With so much incompetence taking root, it’s not difficult to envision a scenario where those base appeals must become more amped up, extreme, and scurrilous to be “effective.” It threatens to turn into a vicious cycle the likes of which we’ve never seen in this country.
Obviously we can’t know this. But doesn’t shifting from a defeat by fanning the flames of racism sound exactly like something Steve Bannon would do?
Sure, defeating Andy Puzder’s nomination to be Secretary of Labor was a good thing. He is a truly terrible human being. But during a week where the headlines were rightfully dominated by the huge Republican defeat on health care, hearings for the new nominee, Alexander Acosta happened and on policy is going to be nearly as bad as Puzder.
The disturbing takeaway was that Mr. Acosta would not defend the new overtime standards, which are desperately needed. By government estimates, 4.2 million workers earning salaries between $455 and $913 a week would become newly eligible for overtime if the regulation took effect. By more liberal estimates, another roughly eight million workers who are currently denied overtime on the basis of their job duties would have a stronger claim to it under the new rule’s clear and updated standards, including millions who live in states that went for Mr. Trump.
Mr. Acosta’s answers to questions about other worker protections were also troubling. He would not commit to upholding a Labor Department rule, set to take effect in April, that would require financial advisers to put clients’ interests first when giving advice or selling investments for 401(k) rollovers or other retirement-related transactions. Nor would he commit to enforcing a rule to protect construction workers from carcinogenic dust.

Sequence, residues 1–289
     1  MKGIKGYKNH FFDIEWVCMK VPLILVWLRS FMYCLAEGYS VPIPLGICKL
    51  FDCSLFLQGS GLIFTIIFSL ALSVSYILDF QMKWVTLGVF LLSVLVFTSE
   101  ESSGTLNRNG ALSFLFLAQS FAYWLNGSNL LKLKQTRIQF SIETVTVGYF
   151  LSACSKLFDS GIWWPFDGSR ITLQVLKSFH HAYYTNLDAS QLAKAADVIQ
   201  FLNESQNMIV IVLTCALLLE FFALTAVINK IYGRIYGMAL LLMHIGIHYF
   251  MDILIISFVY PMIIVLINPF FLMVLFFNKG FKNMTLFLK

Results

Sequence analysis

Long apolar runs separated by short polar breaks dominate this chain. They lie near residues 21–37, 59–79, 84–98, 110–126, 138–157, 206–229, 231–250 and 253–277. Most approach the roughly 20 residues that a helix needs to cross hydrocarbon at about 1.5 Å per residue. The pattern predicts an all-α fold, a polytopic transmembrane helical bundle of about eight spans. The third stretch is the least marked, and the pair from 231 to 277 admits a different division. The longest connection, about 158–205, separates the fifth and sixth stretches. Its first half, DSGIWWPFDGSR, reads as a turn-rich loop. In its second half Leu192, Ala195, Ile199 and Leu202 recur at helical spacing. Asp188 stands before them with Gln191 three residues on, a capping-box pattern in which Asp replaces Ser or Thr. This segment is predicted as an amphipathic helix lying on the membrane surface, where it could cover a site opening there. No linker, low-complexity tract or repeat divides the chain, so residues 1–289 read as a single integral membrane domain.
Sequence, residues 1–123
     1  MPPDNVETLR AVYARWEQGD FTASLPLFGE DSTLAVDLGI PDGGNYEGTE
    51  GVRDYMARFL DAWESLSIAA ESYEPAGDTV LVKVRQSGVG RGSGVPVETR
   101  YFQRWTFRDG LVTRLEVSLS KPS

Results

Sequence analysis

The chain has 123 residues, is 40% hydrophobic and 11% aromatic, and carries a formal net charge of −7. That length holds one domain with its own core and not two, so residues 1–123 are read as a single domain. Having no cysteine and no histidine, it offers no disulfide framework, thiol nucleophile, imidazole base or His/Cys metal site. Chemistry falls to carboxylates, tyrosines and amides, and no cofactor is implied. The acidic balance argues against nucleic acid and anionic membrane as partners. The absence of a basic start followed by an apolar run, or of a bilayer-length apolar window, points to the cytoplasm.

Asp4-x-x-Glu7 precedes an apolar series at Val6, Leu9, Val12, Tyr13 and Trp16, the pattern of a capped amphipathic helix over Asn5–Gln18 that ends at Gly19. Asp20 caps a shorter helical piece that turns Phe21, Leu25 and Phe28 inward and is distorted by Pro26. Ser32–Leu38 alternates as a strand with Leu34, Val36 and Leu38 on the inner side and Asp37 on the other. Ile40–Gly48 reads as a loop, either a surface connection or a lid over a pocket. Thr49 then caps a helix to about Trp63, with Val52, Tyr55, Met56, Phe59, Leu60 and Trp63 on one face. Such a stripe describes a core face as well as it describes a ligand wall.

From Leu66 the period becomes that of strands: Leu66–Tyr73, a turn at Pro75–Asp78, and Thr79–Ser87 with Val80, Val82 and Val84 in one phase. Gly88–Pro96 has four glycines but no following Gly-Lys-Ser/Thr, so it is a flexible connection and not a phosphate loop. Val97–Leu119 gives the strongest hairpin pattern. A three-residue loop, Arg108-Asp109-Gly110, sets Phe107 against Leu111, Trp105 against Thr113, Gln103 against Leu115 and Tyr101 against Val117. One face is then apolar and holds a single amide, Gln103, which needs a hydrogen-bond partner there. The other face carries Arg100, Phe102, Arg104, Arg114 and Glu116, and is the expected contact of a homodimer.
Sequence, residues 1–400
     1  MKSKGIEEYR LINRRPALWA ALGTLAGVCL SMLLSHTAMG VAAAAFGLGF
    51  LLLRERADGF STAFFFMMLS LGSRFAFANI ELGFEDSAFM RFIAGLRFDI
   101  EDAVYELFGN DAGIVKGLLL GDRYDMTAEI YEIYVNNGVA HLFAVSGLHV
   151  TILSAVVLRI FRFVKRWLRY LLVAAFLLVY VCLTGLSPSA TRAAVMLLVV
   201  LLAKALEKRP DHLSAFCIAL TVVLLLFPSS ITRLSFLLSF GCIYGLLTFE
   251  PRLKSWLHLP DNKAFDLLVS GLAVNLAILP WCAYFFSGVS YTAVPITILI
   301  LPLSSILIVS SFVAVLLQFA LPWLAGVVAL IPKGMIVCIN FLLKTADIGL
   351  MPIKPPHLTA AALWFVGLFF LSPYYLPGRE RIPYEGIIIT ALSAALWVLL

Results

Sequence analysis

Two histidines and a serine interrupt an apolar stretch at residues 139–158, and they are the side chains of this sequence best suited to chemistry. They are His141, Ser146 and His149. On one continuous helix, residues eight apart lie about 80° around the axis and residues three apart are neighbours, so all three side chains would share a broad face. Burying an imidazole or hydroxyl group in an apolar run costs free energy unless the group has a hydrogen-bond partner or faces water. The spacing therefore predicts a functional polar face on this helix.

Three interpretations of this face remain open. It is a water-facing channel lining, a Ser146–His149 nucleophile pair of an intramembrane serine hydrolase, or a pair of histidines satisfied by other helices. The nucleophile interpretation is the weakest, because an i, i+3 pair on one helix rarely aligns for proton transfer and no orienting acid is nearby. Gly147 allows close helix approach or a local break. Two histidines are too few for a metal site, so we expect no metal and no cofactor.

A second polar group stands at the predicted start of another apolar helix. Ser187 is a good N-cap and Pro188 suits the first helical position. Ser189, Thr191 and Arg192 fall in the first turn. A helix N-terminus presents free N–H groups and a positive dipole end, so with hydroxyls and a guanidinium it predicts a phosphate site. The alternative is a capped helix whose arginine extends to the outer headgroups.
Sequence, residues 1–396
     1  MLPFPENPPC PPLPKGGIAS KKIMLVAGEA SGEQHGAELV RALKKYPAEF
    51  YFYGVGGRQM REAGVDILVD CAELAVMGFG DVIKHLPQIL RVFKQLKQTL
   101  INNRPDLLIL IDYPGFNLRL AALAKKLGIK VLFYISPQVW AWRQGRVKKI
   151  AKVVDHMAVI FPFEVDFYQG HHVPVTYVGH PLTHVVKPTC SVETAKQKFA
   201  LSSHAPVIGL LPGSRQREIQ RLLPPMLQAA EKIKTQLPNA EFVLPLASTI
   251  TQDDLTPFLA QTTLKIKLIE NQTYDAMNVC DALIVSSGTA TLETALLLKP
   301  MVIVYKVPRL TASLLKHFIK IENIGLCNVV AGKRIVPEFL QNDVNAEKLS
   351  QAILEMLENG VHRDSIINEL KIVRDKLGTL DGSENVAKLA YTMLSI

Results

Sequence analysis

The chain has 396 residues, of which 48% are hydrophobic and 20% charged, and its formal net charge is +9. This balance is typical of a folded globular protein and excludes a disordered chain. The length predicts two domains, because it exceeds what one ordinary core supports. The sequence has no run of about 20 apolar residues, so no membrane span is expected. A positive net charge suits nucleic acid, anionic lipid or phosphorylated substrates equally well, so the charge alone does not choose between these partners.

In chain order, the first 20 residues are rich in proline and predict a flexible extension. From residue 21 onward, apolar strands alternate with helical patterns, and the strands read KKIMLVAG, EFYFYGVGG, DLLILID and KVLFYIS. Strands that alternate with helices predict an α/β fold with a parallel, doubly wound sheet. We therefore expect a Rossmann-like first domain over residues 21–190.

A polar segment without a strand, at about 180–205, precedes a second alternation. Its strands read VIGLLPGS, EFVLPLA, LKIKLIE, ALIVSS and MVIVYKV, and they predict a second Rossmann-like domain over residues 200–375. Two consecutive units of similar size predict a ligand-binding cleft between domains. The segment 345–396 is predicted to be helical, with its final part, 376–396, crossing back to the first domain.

Mr. Acosta tried to justify his evasions by citing directives from Mr. Trump to review and possibly roll back pending rules before moving forward with them. But that dodges the issue. It is important to know what he thinks, because it would be his job to educate and influence the president on labor-policy matters. His reticence at the hearing suggests he will — or already does — embrace the Trump administration’s demolition approach to sensible regulation.